In the third example the aircraft height is again 0 feet AGL and the surface temperature is 25 degrees centigrade. The weather cell begins at 20 nm and is 3-miles deep and has a 35-dBz peak reflectivity at 4 degrees right of center. The azimuth range of the cell is 0 to 8.6 degrees right of center and the cell height 30000 ft with a temperature of −35 degrees centigrade at the top. The weather radar system 10 again uses the long-range pulse set with a sample range 0 to 320 nautical miles. The transmitter pulse length is 30 microseconds and pulse rate is 4 milliseconds resulting in an unambiguous range of greater than 320 nm. The sample rate in range equals 8 microseconds. The antenna 19 elevation is such that it is pointed along the aircraft departure path. The cell is detected at 20 nautical miles with the high loop gain long pulse. High rain rate hazards are estimated with the long pulse pattern.
The cell at 20 nautical miles is within the range to make a direct measurement of the turbulence hazard and a vertical assessment of the weather to determine whether the cell represents a potential lighting risk. A turbulence optimized pulse pattern may be commanded for the azimuth extent of the cell in question to ascertain whether turbulence is present. Without an ambiguous range interference source, the turbulence pulse pattern may be optimized for best estimation of turbulence without other constraints. A first assessment pattern is again a transmitter pulse length of 6 microseconds a transmitter pulse rate of 370 microseconds (20 nautical mile ambiguous range). The antenna 19 is pointed along the flight path with an azimuth sample of 0 to 8.6 degree right of center.
A second assessment sweep may be commanded to direct and discriminate hail from rain returns. The second assessment pattern uses a transmitter pulse length of 6 microseconds and a pulse rate 370 microseconds (30 nautical mile ambiguous range). The antenna elevation is along the flight path angle with an extent of azimuth sample 0 to 8.6 degree right of center. This targeted azimuth sweep can be followed by either azimuth sweeps at other beam elevations or by vertical antenna sweeps to further detect possible hail within the detected cell.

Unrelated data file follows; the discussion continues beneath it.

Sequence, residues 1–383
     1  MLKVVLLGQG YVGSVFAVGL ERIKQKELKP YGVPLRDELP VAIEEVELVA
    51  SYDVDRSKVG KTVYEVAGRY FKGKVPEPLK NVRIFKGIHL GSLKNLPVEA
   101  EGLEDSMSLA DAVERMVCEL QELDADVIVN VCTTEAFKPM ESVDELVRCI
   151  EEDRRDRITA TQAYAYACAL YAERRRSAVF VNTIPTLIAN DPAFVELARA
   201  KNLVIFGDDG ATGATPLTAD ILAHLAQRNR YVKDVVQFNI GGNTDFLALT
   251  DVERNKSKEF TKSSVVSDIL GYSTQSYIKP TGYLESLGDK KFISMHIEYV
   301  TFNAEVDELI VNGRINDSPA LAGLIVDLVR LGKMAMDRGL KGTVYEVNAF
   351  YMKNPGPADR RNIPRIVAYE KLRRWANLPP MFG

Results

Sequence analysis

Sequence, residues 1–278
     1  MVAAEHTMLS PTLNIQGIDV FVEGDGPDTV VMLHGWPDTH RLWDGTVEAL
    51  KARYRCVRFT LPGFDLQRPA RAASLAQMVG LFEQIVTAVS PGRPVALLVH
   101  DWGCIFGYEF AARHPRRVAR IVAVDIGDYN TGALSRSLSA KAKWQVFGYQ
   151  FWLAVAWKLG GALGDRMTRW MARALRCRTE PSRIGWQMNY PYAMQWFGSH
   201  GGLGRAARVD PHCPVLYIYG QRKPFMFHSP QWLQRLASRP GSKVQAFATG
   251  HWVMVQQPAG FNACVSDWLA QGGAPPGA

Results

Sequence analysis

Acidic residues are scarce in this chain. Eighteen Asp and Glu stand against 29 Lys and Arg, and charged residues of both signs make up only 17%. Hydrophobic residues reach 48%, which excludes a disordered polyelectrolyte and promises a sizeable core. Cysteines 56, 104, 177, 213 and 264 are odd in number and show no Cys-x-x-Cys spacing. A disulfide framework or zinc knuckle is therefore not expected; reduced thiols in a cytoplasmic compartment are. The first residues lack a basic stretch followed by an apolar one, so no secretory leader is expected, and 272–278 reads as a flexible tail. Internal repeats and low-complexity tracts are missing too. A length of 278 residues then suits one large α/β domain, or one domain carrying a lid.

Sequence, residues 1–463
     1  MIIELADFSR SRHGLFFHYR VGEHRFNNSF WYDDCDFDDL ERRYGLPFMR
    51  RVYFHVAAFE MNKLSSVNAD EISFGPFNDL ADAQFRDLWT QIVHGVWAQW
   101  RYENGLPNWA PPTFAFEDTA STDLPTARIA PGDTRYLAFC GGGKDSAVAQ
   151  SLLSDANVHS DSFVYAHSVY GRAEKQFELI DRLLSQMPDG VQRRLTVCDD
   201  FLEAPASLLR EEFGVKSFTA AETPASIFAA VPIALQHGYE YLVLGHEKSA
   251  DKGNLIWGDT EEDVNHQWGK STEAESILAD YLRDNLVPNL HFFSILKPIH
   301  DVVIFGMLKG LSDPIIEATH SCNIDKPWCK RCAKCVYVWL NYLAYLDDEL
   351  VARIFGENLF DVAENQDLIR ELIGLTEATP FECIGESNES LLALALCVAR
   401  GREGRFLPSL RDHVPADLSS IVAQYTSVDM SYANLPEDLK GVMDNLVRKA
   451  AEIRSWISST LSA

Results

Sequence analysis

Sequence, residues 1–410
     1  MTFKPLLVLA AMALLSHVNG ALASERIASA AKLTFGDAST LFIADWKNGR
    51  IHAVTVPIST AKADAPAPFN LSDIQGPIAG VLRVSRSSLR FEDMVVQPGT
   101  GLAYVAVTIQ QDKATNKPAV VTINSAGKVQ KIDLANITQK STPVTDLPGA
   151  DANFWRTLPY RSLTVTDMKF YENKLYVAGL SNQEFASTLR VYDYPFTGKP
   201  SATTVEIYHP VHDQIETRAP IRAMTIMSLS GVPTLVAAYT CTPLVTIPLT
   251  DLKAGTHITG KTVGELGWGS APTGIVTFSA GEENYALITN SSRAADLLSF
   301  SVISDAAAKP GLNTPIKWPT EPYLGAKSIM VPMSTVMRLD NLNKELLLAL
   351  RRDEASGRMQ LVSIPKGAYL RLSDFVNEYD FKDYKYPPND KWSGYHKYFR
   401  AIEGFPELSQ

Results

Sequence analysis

In the cases described above using either a change in radar sampling mode or using an auxiliary antenna sweep, detection precedes analysis. However, in all cases auxiliary sampling is described as being scheduled. Scheduling can be done from a risk assessment from the data taken from multiscan-like antenna sweeps. The risk assessment in the auxiliary sampling process is driven primarily from the time to closest approach of the hazard. Hence a cell at five nautical miles is examined before one at 20 nautical miles. Cells along a flight path would be examined before those away from the flight path.
It is believed that the directed sequential hazard assessment weather radar of the present invention and many of its attendant advantages will be understood by the foregoing description, and it will be apparent that various changes may be made in the form, construction and arrangement of the components thereof without departing from the scope and spirit of the invention or without sacrificing all of its material advantages, the form herein before described being merely an explanatory embodiment thereof. It is the intention of the following claims to encompass and include such changes.
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|U.S. Classification||342/26.00B, 342/26.00R|
|Cooperative Classification||G01S13/953, G01S7/41|
|European Classification||G01S7/41, G01S13/95B|
|Sep 15, 2004||AS||Assignment|
Owner name: ROCKWELL COLLINS, INC., IOWA
Free format text: ASSIGNMENT OF ASSIGNORS INTEREST;ASSIGNOR:WOODELL, DANIEL L.;REEL/FRAME:015807/0752
Effective date: 20040915
|Feb 9, 2011||FPAY||Fee payment|
Year of fee payment: 4
|Feb 9, 2011||SULP||Surcharge for late payment|
|Jan 12, 2015||FPAY||Fee payment|
Year of fee payment: 8